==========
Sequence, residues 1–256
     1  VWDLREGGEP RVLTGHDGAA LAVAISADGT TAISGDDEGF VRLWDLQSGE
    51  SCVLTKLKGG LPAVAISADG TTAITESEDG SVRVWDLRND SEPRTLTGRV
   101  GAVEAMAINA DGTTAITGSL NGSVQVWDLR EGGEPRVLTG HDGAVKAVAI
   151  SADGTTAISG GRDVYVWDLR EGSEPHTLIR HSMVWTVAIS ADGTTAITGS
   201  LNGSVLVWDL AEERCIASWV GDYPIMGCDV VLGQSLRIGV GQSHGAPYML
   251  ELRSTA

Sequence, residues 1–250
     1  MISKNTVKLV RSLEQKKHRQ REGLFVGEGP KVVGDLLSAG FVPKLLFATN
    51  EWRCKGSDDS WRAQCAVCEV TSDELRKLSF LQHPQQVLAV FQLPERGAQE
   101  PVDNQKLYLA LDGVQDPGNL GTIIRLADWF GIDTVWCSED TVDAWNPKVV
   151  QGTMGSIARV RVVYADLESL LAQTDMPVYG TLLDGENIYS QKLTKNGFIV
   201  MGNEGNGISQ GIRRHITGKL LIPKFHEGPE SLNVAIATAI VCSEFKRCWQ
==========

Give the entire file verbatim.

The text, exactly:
Sequence, residues 1–256
     1  VWDLREGGEP RVLTGHDGAA LAVAISADGT TAISGDDEGF VRLWDLQSGE
    51  SCVLTKLKGG LPAVAISADG TTAITESEDG SVRVWDLRND SEPRTLTGRV
   101  GAVEAMAINA DGTTAITGSL NGSVQVWDLR EGGEPRVLTG HDGAVKAVAI
   151  SADGTTAISG GRDVYVWDLR EGSEPHTLIR HSMVWTVAIS ADGTTAITGS
   201  LNGSVLVWDL AEERCIASWV GDYPIMGCDV VLGQSLRIGV GQSHGAPYML
   251  ELRSTA

Sequence, residues 1–250
     1  MISKNTVKLV RSLEQKKHRQ REGLFVGEGP KVVGDLLSAG FVPKLLFATN
    51  EWRCKGSDDS WRAQCAVCEV TSDELRKLSF LQHPQQVLAV FQLPERGAQE
   101  PVDNQKLYLA LDGVQDPGNL GTIIRLADWF GIDTVWCSED TVDAWNPKVV
   151  QGTMGSIARV RVVYADLESL LAQTDMPVYG TLLDGENIYS QKLTKNGFIV
   201  MGNEGNGISQ GIRRHITGKL LIPKFHEGPE SLNVAIATAI VCSEFKRCWQ